“An incomplete list of things invented at Bell Labs during its heyday: lasers, fiberoptic cables, satellite communications, cell phones, the C programming language, solar panels.
My favorite story in here: John Bardeen and Walter Brattain plug away for years to find the right materials to create the first functioning transistor. Their boss William Shockley, who had laid some of the theoretical framework for their achievement, gets angry about not receiving enough credit. So he stays up all night in a hotel room on New Year’s Eve writing out 30 pages of notes describing a better approach, and is able to prove out the concept in a few months. His version becomes the standard.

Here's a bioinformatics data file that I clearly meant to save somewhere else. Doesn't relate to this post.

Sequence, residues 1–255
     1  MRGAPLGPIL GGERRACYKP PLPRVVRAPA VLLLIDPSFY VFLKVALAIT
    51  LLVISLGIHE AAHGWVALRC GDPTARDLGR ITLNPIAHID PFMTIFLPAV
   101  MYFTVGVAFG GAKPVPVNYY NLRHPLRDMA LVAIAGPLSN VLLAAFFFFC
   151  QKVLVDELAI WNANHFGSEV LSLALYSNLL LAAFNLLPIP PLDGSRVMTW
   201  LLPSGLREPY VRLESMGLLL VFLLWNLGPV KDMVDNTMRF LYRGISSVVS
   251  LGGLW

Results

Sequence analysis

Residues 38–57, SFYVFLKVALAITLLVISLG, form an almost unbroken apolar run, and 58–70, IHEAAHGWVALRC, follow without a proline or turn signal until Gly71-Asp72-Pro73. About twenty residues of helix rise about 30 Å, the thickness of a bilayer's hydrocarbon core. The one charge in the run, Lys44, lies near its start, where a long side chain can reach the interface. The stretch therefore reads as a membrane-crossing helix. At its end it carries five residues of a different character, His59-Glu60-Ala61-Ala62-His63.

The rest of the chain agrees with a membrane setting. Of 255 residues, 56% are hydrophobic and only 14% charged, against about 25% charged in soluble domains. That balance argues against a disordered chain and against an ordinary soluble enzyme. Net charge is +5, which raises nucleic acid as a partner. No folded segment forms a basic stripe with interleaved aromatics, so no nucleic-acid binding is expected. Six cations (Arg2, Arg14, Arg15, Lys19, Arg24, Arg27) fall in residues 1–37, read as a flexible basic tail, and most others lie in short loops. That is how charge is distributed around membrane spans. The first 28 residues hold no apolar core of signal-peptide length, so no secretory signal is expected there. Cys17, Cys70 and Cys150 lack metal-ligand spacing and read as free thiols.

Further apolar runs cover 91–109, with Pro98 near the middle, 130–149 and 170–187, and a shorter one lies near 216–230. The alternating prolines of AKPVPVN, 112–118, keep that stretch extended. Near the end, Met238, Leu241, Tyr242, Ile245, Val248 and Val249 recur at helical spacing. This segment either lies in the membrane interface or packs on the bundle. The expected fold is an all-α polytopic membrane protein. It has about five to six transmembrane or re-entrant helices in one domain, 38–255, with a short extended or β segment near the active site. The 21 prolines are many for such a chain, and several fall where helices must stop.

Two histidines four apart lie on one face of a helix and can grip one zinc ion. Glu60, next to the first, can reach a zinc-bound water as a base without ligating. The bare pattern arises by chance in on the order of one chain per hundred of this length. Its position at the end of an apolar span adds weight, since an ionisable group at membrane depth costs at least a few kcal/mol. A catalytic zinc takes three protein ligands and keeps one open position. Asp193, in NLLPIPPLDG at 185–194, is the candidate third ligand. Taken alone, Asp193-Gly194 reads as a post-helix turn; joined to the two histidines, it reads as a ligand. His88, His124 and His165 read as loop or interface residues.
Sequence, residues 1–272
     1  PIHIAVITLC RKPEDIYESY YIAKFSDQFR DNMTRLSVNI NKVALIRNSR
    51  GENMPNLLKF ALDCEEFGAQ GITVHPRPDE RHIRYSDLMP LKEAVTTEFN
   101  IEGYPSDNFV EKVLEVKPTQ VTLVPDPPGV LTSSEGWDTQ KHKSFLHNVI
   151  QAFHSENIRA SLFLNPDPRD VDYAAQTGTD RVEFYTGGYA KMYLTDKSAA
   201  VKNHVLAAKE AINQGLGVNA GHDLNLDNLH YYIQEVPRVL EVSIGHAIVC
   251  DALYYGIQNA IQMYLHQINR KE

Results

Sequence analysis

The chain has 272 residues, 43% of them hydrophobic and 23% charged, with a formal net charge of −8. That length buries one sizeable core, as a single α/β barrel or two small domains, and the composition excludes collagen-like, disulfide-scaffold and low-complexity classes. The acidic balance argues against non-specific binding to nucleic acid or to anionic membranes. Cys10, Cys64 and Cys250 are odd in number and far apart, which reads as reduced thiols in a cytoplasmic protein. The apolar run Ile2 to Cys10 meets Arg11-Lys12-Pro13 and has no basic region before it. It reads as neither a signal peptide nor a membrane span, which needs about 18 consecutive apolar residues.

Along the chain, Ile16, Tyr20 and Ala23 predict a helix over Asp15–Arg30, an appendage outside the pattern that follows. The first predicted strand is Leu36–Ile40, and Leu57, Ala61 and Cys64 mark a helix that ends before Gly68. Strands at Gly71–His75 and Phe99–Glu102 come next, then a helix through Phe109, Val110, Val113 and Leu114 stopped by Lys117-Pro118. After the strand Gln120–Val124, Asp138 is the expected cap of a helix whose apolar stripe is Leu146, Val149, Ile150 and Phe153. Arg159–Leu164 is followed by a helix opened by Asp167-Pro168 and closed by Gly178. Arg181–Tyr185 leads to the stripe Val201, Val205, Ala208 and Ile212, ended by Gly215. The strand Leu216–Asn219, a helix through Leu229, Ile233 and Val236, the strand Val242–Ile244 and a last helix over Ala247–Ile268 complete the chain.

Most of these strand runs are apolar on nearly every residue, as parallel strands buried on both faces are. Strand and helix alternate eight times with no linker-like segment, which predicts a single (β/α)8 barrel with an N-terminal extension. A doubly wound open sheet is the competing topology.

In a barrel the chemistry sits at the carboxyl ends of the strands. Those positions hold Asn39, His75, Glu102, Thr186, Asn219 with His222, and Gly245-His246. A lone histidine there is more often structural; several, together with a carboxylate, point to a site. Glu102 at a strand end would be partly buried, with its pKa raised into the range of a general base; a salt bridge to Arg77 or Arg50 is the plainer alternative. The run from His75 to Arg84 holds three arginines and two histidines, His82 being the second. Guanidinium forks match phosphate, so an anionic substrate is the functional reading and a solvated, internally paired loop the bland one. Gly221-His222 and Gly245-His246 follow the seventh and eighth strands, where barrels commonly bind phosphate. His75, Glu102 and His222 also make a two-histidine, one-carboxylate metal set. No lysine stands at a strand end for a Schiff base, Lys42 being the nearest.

The book will get you thinking about innovation and the circumstances that lead to it. Much is a reinforcement of the now-fashionable idea that all invention is iteration, not the solitary genius model you might have learned in school. But that new dogma is also challenged, or at least tempered. Consider Claude Shannon, who showed up for work whenever, spent much of his time creating electromechanical mice and riding around the office on a unicycle, and knocked out the whole foundation of Information Theory in between games of chess.”
“There’s one main theme to Essentialism: prioritizing the important things and throwing away the rest. While this sounds simple in concept, whether in a professional or personal context, we tend to often prioritize incorrectly or choose to include non-important tasks due to outside pressures. The audiobook weighs in at over 6 hours for this central topic, so it definitely gets repetitive, but the overall message is a good one.”